The cannabis market is set to deliver outsized returns for years to come.
Officially, 13% of U.S. adults say they currently smoke pot while 43% say they have at least tried it (Gallup, 2016).
I’d be willing to bet the actual numbers are somewhere near double that. People don’t like talking about their drug use to strangers on the phone.
What was interesting about that Gallup poll was that the number of adults who admitted to smoking pot has doubled since 2013.
That tells me the act of smoking pot itself has become more widely accepted.
We know tens of millions of people in the U.S. — and hundreds of millions more around the globe — smoke or otherwise ingest marijuana in some form.
Now they can do so more openly, leading to drastically higher sales of more diverse products, which will lead to myriad investment opportunities.
And that’s just on the recreational front. And also just in the U.S.
It speaks nothing of the vast medical and health market, for which cannabis flower and oil and seed and stem derivatives are being used to make everything from pills to potions… to treat everything from Alzheimer’s to zits.
The legal cannabis market in the U.S. alone is expected to expand by eight times its current size in the next decade — growing from $6 billion to $50 billion, according to Cowen & Co.
In Canada — where guidance is expected on nationwide recreational legalization next month — the market is worth $22.6 billion annually, according to Deloitte.
And while some questions admittedly remain about legality at the federal level and the banking issues associated with that, it’s not hard to see the states that have already legalized are clearly benefiting from their newfound tax windfalls.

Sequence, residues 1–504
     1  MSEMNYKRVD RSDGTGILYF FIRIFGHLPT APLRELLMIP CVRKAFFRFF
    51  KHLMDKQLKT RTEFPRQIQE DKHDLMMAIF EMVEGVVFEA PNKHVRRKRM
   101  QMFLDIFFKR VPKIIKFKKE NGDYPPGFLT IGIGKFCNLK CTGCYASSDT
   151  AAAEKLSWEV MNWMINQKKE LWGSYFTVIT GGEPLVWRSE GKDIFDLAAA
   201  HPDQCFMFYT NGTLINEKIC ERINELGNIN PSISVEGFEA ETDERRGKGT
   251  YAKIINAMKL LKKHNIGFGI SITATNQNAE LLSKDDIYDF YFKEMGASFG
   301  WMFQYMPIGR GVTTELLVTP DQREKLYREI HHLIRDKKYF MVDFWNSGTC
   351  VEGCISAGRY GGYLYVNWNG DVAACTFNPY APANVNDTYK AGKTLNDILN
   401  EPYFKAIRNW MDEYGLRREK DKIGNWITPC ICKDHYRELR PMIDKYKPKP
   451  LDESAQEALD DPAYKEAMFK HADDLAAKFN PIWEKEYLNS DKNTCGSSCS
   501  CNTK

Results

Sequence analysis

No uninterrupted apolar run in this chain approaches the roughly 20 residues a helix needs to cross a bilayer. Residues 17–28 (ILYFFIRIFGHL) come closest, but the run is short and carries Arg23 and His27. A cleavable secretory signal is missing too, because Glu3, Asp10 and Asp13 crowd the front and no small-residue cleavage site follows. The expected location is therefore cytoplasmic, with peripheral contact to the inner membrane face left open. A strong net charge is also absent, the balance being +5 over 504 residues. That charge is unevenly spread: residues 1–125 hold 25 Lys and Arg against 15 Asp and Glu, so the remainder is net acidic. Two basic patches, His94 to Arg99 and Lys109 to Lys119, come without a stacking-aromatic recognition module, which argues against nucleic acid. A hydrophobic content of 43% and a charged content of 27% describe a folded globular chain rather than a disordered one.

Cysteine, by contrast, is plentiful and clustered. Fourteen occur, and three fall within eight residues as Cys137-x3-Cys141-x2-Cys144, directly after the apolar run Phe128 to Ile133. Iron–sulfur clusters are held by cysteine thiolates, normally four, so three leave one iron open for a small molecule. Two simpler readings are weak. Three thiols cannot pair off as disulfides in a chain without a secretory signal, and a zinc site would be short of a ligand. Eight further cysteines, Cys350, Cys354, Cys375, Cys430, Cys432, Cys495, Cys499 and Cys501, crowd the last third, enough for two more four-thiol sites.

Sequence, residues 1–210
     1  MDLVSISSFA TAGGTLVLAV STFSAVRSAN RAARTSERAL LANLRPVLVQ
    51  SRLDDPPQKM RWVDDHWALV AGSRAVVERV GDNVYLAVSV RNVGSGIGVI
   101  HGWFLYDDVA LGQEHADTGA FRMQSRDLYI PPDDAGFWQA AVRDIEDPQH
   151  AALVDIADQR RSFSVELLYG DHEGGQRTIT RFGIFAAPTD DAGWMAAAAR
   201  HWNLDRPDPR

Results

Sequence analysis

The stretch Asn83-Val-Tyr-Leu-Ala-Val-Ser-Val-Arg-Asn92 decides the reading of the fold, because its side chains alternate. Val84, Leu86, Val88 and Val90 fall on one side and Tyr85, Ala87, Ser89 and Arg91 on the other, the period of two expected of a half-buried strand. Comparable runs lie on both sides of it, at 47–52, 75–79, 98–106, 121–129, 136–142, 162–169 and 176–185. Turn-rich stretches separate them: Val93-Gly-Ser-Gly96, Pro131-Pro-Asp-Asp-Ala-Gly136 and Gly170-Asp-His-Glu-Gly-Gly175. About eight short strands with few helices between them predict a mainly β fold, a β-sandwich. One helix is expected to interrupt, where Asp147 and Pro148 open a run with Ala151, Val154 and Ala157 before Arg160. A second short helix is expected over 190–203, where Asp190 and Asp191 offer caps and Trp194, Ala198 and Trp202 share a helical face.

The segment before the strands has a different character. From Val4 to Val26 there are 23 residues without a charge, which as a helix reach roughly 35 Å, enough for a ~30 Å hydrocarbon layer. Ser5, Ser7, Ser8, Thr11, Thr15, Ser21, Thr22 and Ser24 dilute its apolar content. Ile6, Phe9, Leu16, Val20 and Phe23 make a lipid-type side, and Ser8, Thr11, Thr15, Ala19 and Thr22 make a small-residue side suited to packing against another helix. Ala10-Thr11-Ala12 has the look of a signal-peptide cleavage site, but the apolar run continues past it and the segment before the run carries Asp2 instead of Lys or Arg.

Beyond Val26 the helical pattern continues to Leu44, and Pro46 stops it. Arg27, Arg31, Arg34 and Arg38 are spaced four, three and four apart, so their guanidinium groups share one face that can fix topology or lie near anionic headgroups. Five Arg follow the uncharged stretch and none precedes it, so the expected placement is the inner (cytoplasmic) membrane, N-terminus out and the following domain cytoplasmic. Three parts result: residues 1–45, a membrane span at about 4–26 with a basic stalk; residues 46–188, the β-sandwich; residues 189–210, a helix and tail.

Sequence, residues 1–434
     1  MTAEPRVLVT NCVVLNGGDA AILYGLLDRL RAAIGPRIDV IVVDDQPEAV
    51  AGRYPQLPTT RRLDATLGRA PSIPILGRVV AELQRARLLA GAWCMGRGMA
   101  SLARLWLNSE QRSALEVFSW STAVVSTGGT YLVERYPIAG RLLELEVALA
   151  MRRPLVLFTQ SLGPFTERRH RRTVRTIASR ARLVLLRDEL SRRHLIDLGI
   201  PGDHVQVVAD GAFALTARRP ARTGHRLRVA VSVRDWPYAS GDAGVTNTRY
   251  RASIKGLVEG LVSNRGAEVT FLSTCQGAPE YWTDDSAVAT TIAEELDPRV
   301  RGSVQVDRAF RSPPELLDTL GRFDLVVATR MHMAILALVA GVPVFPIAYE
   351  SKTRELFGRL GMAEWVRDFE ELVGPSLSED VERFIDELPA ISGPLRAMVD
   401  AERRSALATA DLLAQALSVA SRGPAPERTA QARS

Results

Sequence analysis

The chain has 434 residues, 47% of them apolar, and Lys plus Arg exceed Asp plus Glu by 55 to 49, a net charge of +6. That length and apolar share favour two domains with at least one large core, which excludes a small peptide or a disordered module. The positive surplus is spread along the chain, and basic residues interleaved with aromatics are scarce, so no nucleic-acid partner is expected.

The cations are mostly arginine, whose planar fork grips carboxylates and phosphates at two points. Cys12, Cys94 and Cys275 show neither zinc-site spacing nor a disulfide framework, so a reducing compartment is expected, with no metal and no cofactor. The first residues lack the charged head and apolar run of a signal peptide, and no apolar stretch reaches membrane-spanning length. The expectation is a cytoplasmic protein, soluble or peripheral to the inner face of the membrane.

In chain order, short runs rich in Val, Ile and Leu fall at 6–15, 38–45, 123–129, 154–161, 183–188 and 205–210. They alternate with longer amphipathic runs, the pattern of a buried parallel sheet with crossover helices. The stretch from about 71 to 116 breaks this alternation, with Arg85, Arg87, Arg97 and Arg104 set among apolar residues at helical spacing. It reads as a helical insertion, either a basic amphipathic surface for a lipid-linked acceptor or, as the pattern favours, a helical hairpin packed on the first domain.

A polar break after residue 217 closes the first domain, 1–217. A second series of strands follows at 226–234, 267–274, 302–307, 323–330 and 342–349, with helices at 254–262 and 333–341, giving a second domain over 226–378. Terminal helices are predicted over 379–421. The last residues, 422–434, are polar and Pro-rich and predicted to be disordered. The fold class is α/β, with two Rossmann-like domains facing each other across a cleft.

If there is one thing government likes above all else it is tax revenue. This simple truth assures pot’s eventual nationwide legality.
What’s more, questions like this are only natural in a market that is entirely groundfloor. It’s brand new. Frameworks and committees and all that other bureaucratic stuff still need to be formed.
But that’s what makes it so exciting.
There is incredible demand to be met both as it relates to cannabis for consumers and cannabis equities for investors.
The early leaders in the industry have already spouted off for incredible gains.
Organigram Holdings (TSX-V: OGI), for example, which grows organic cannabis for the medical sector, surged from $0.62 to a high of $3.99 last year — a 543% gain.
Investors in Supreme Pharmaceuticals (TSX-V: SL), another medical grower, saw their stock rise from $0.30 to $2.05 in 2016 — a 583% gain.
And it will be like this for years to come.
Any talk of a bubble or thoughts that you’re too late to invest in this sector are nonsense considering it’s not even fully legal yet. Institutions aren’t buying the stocks yet. There are no pot ETFs.
Many profits in the cannabis space are yet to come.
By Nick Hodge
The views expressed herein are the authors and do not necessarily reflect the opinions of KushCA. As with all investing, there are risks involved. Always consult with a financial advisor. Click here for the original article.
My name is Petey Wheatstraw, also known as Charles Stevens. I’m an avid marijuana smoker, writer, devoted father and non-profit minion– not necessarily in that order. A Chicago native I’ve lived off and on in the Bay Area since 1996. Seven years ago I finally settled here to capture the changing face of our communities.